Giacomo Indiveri , Fabio Stefanini *
A brain-inspired neuromorphic architecture for robust neural computation
Progress in Neuromorphic Engineering has led to the development of electronic circuits and systems that can efficiently emulate the properties of key biophysical elements of the nervous systems. In recent works, hybrid analog/digital electronic circuits of neurons and synapses have been used as the basic components in a range of compact and low-power VLSI devices designed to implement bio-inspired computation. It has been recently demonstrated that it is possible to implement spike-based neural processing systems that can process sensory signals in real-time and take decisions based on external inputs, internal states, and on stored memory of the recent past. However the remarkable ability of biological systems to adapt to new, unknown environmental conditions, learn from their experience, and extract relevant context-dependent information from the world, is yet unparalleled. A large spectrum of experimental evidence in biology has shown that abilities of this type emerge from a rearrangement of the synaptic connectivity in the neural network. Many theoretical studies have tried to reproduce these experimental observations, mainly via software simulations of spike-based learning in neural computational
models. We developed a set of low-power circuits for neurons and synapses emulating spike-based synaptic plasticity in hardware and used it in a task of hand-written digits recognition to benchmark the memory formation in the artificial hardware neural system. The neuromorphic system comprises hardware Integrate & Fire (I&F) neurons and plastic synapses configured as binary classifiers (or "perceptrons"). We present experimental results that characterize their classification properties, and demonstrate, with the aid of software simulations, how the proposed architecture can achieve good classification performances despite the non-negligible diversity of its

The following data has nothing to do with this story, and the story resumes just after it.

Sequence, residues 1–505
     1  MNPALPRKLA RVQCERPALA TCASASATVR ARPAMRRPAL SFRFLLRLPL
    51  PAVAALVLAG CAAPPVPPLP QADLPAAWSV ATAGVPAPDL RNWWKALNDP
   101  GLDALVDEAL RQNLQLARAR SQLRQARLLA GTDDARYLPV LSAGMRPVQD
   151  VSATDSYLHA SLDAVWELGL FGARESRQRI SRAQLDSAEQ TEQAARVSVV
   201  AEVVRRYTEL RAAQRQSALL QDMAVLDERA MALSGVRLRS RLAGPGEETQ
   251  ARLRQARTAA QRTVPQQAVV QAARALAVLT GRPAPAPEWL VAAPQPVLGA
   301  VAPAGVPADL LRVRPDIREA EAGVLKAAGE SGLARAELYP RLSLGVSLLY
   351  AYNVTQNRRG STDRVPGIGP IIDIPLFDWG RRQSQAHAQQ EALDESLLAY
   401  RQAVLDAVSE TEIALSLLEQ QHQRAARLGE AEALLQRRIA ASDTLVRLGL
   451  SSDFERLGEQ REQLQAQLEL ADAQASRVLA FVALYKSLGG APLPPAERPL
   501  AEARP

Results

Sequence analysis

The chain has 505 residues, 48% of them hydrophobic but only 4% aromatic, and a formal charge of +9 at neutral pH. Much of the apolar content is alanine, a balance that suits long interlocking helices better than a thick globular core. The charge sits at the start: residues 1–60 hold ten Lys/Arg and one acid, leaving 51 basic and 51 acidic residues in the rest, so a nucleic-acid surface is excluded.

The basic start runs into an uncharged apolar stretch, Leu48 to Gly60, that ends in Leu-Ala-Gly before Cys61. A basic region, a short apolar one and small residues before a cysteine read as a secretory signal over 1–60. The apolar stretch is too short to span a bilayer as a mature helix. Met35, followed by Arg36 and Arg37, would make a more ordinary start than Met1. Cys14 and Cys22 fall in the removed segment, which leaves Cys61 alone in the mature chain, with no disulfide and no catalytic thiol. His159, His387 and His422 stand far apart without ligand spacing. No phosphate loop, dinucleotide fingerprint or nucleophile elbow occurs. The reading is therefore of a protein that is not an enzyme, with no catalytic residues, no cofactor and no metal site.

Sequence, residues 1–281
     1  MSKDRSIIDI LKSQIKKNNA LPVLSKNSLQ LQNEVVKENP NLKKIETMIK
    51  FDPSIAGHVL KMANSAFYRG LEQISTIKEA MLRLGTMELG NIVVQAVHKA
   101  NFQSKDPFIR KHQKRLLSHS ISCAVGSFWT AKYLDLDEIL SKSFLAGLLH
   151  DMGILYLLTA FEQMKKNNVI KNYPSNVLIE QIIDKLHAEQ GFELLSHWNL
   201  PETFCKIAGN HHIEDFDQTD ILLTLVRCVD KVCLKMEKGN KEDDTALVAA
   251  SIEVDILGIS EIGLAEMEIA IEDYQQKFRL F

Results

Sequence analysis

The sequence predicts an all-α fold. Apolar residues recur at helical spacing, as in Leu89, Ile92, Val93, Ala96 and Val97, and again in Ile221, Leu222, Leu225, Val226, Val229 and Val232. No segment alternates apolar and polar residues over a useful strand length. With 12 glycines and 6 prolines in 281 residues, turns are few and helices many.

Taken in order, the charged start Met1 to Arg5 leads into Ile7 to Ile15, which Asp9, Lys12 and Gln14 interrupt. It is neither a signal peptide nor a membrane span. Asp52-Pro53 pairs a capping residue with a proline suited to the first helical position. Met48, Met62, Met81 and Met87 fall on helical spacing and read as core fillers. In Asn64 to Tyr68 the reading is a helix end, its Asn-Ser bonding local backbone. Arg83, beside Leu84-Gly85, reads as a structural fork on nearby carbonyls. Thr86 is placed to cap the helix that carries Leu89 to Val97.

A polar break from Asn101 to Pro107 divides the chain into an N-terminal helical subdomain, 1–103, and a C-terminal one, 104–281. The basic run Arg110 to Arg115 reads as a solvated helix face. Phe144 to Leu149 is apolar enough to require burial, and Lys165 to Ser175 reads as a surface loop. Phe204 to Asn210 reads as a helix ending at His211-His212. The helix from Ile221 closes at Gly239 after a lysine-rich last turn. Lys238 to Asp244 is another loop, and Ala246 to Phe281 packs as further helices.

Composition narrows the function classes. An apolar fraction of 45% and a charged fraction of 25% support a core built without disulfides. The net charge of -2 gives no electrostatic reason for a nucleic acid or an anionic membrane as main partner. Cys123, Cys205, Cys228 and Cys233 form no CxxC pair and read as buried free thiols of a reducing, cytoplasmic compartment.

components. This approach is inspired by machine learning techniques where simple, weak classifiers are typically combined to obtain a good global classifier. We demonstrate therefore how the compact and low-power (but inhomogeneous and noisy) electronic circuits developed are in good accordance with these machine-learning theories, which require variability in the classifier responses to optimize the overall system performance.